A. I used to handle wellness on my own when I was single. But between long hours,  keeping the business going and the kids, it's more complicated now. I'm completely passionate about this topic because I do personally need the help.

Q. What, to you, was most interesting about what the Best Companies in this category provide?

A. About 98 percent offer stress management. I thought, "Wow! That's cool because I’m stressed." I wondered, "What is that?"  I learned that it's time management, delegation, work strategy...breathing is part of it and communication is part of it. It's about being part of a supportive team. These companies are teaching employees how to manage their stress and be more resilient.

Q. For what you've seen, what's the key to wellness? What works?

A.  About 81 percent of these Best Companies have fitness centers and walking paths.
But the companies that see a difference are the ones who are getting people to work together to get well.

Q. It's great to work for a big employer that offer on-site fitness centers and other benefits but what can a small employer do?

A. I don't think it costs a lot to have someone come in and talk about stress management or nutrititon. Many small employers also get lower prices for their staff at the local gym. There is a way use the power of your workforce to get everyone involved. I worked at tiny publishing company and we got together and did lunchtime yoga. One lady led it and everyone got involved. It cost nothing. Most of us spend a lot of time at work. If we can carve out time at our workplace for health and wellness, that may be the answer.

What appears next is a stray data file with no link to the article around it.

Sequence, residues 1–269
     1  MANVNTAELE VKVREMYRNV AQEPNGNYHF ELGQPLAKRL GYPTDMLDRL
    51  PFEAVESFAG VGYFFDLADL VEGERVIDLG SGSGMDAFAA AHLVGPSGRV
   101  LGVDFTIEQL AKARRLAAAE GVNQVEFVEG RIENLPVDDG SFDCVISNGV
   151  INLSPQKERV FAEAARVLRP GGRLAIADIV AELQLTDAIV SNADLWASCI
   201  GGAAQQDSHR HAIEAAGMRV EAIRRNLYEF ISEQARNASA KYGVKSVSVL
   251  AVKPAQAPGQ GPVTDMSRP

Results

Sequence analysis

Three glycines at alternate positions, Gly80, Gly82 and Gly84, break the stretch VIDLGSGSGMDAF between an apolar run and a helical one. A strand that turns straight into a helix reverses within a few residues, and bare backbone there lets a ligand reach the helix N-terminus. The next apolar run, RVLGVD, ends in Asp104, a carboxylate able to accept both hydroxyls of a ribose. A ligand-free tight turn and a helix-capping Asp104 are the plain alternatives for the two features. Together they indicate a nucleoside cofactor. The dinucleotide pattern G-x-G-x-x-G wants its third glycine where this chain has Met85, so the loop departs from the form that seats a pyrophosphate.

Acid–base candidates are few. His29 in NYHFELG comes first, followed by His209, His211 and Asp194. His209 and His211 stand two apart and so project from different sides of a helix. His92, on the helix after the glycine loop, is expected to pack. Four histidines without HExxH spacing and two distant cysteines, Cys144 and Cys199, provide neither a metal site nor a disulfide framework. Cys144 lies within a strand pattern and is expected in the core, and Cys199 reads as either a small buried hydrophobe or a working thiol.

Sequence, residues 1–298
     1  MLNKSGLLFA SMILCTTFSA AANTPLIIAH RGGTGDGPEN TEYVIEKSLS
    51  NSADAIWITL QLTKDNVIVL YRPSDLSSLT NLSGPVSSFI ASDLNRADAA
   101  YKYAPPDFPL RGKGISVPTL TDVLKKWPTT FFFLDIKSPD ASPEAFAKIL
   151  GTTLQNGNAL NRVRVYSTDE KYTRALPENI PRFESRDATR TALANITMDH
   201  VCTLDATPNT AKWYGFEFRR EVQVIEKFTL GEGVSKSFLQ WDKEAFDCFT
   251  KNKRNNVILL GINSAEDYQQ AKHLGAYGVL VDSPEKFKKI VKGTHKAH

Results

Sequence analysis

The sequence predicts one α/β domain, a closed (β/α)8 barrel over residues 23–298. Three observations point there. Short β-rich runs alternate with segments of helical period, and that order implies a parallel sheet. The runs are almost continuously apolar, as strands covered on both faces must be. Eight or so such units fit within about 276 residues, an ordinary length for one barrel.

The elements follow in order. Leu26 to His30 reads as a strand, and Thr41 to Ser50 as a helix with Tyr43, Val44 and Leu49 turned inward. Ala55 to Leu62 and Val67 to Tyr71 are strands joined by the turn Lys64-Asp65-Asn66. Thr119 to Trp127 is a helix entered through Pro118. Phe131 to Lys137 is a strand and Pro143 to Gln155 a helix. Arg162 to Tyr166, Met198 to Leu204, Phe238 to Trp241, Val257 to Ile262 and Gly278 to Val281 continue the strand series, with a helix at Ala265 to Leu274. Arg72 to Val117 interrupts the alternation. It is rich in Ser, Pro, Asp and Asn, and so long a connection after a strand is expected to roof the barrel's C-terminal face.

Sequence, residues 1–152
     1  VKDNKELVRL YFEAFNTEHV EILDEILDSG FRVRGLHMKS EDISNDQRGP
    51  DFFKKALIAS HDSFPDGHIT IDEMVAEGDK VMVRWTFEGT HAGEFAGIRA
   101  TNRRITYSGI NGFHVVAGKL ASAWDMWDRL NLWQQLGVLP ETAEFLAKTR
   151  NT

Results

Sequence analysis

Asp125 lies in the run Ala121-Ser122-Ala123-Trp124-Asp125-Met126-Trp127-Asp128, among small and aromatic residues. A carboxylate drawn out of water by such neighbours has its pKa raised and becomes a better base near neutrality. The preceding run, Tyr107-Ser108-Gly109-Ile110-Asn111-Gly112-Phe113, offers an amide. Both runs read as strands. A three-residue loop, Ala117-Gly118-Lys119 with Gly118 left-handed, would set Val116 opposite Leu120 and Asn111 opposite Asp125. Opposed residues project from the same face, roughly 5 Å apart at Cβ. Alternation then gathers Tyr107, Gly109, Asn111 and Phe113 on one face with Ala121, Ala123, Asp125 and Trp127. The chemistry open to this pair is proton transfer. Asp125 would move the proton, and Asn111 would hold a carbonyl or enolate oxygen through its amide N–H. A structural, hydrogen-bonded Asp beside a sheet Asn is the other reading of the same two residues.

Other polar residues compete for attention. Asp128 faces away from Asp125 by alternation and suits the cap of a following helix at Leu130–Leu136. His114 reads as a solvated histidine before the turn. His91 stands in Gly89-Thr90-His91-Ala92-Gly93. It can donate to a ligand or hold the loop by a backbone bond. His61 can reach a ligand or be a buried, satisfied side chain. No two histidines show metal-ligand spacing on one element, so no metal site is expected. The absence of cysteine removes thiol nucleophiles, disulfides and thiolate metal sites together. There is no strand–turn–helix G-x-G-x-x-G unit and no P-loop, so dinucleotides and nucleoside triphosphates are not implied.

Q. How do you squeeze fitness into your schedule?

A. It is very hard. To be completely honest, I should do more. I work from home on Fridays so I use my commute time to go to the gym and work out. I'm not at the point where I can work from home more often. I feel like I'm fighting an endless battle, but I'm working on it again. I think all of us at Working Mother are going to figure it out and come up with a plan. I may have to take the lead.

Q. I know most of the companies on your 100 Best understand the need for flexibility. Do you think there are employers who have made the link between flexibility and wellness?

A. They do at the 100 Best. I think they understand that how you get your work done feeds into your
sense of well being.

 

Here is a full list of the Working Mother 100 Best Companies, now in its 27th year, and a link to how 10 working moms keep wellness on their to-do lists. I'm also including a fabulous infographic from Working Mother that shows some of the wellness benefits that the Best Companies offer. I think it's interesting that 97 percent offer a weight loss program. That's a tremendous benefit!

  InfographicWM100Best

 

July 11, 2012

Smartphone addiction and summer travel

Every summer, my family vacation is a negotiation when it comes to wireless gadgets. It starts before we even leave the house. Will my husband bring his work laptop? Will I? Should the kids bring their cell phones? I'd like to ban all electronics but I usually get vetoed.

When I think about it, it's not the gadgets we're arguing over, it's what we do with the gadgets that creates the problem. They pull us into a virtual world that takes away from connecting with the people around us.

Of course, my husband argues that he needs to check in with work. Many people feel that way. Checking in now and then is one thing. Smartphone addiction is another. From the palm of our hand we can connect with our offices, and some people just can't disconnect. It really stinks if you're the person traveling with the smartphone addict. 

Leslie Perlow, a Harvard Business School professor and author of Sleeping With Your Smartphone  thinks people can beat smartphone addiction and take real vacations if they work in teams. Important things come up and someone needs to handle them, she says. "But there's no reason you have to be on all the time." If you work as a team and have the conversation where everyone gets the same benefit ( a stress free vacation or one night a week off),there are lots of ways to cover for each other, she says. "It's about being proactive."

Today, in my Miami Herald column I wrote about the effect of smart phone addiction on spouses, partners, friends and travel companions. If you've can relate, let me hear from you. How do you handle it being around a smartphone addict?

The Miami Herald

Smartphone addiction can put damper on vacations, relationships

By Cindy Krischer Goodman
balancegal@gmail.com

Tim Lee / MCT